The Rev. Nan White, pastor of Unitarian Universalist Fellowship in Beaufort, knows what it's like to face discrimination -- not only as a woman in clergy, but also as a lesbian.
"There is this element of deep sadness of those who still live in fear in the 21st century," she said.
White is featured in the visual anthology book "Living In Limbo: Lesbian Families in the Deep South," by photographer Carolyn Sherer.
The book is part of an exhibit that was featured at the Birmingham Civil Rights Institute from March 30 to June 10 and brought in an estimated 20,000 people. The project, which features almost life-sized portraits of those who appeared in the book, will hit the road in January and open in yet-to-be-determined locations across the country.
"The visitor log was overwhelmingly positive," Sherer said. "I met several guests from across the country. ... They said they were blown away by the work."
White said she hopes the exhibit will open people's eyes to the many faces of lesbians. The well-rounded exhibit includes portraits of families, couples, a U.S. Army veteran, blacks, middle-aged women and young women.
"The exhibit is the beginning of a tipping point for society in the South and society at large in terms of acceptance in being able to appreciate those human beings who are trying to live and love on the Earth," said White, who came out of the closet at age 42, after she left her church and moved to Beaufort.
White said hiding her sexuality was depressing.
"I lived very much in the closet," she said. "I was scared to death I would be found out and somebody would out me, and I'd lose my job.
"Straight people don't know how painful it is to live in the closet."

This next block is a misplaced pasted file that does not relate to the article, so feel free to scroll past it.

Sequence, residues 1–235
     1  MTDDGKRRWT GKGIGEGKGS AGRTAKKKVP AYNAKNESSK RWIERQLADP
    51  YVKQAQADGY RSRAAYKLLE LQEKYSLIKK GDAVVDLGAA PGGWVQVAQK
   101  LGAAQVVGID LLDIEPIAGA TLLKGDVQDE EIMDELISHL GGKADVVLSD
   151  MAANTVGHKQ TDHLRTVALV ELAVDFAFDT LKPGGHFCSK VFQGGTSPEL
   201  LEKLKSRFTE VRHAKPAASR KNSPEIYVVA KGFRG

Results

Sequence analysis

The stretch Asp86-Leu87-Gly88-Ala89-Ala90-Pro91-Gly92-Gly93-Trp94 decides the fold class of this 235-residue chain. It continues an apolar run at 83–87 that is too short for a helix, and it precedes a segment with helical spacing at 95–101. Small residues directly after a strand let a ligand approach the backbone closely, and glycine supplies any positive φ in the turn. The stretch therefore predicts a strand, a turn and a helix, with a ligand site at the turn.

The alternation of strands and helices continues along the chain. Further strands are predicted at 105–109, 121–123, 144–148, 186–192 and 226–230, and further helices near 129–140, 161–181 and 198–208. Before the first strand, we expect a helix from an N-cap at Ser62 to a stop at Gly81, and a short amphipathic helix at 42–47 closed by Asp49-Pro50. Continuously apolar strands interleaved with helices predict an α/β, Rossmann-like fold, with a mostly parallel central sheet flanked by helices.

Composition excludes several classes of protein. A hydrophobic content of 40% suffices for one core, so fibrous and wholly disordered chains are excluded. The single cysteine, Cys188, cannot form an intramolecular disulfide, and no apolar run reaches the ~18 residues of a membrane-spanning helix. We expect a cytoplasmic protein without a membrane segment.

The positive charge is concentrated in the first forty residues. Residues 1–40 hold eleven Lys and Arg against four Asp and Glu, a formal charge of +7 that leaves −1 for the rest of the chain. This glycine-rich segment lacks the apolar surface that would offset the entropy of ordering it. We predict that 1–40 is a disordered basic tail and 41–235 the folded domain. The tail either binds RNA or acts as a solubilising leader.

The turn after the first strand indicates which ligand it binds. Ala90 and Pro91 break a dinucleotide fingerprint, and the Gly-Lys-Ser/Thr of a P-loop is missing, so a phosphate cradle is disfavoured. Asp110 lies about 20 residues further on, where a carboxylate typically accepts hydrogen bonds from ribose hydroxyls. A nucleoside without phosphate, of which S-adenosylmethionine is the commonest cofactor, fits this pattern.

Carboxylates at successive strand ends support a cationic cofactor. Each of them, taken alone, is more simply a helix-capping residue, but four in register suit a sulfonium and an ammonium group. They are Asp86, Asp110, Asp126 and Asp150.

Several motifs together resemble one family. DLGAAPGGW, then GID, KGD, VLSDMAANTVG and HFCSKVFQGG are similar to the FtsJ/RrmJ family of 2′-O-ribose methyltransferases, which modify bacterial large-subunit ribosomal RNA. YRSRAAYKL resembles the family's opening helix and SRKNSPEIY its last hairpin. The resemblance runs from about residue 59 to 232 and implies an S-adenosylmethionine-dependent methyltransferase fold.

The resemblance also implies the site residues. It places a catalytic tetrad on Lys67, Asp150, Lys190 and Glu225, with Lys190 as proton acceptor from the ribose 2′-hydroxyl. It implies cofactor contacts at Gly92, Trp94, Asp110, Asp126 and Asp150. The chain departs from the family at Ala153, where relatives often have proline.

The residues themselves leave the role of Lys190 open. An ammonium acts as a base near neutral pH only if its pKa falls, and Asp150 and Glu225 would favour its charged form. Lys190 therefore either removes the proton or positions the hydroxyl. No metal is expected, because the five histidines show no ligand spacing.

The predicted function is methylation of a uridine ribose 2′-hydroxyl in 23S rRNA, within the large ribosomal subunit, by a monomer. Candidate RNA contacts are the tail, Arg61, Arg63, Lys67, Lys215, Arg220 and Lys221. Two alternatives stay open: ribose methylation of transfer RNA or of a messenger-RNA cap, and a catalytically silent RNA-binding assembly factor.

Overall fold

In fact, some of the women in the book face away from the camera. White said that illustrates the hurt and frustration many of those who choose to stay in the closet feel. Among their greatest fears are losing their children, losing their jobs or getting kicked out of their families, she said.
At age 16, while working as a Presbyterian church counselor, White said she decided to spend her life in the church. She completed seminary, earned two master's degrees and spent a year in residency as a pastoral counselor. For 15 years, she worked as a director of religious education, mainly in Presbyterian churches. Toward the end of this career, she decided to return to seminary so that she could be ordained as a minister. By the time she was 40, she had her own church in Kentucky. This is where she met her partner, Sam Ballenger. They lived as a couple -- but were closeted. Then she left the church and later moved to Beaufort.
"I could not live in the closet and be a minister and face a congregation in a way that was meaningful and truthful," White said. "Now I live a life of integrity and face my congregation, and they embrace me and Sam as a couple."
Being featured in the book and exhibit was important to White.
"Some growth in opening our minds and hearts has happened over the years, but we've got a long way to go before equality," she said.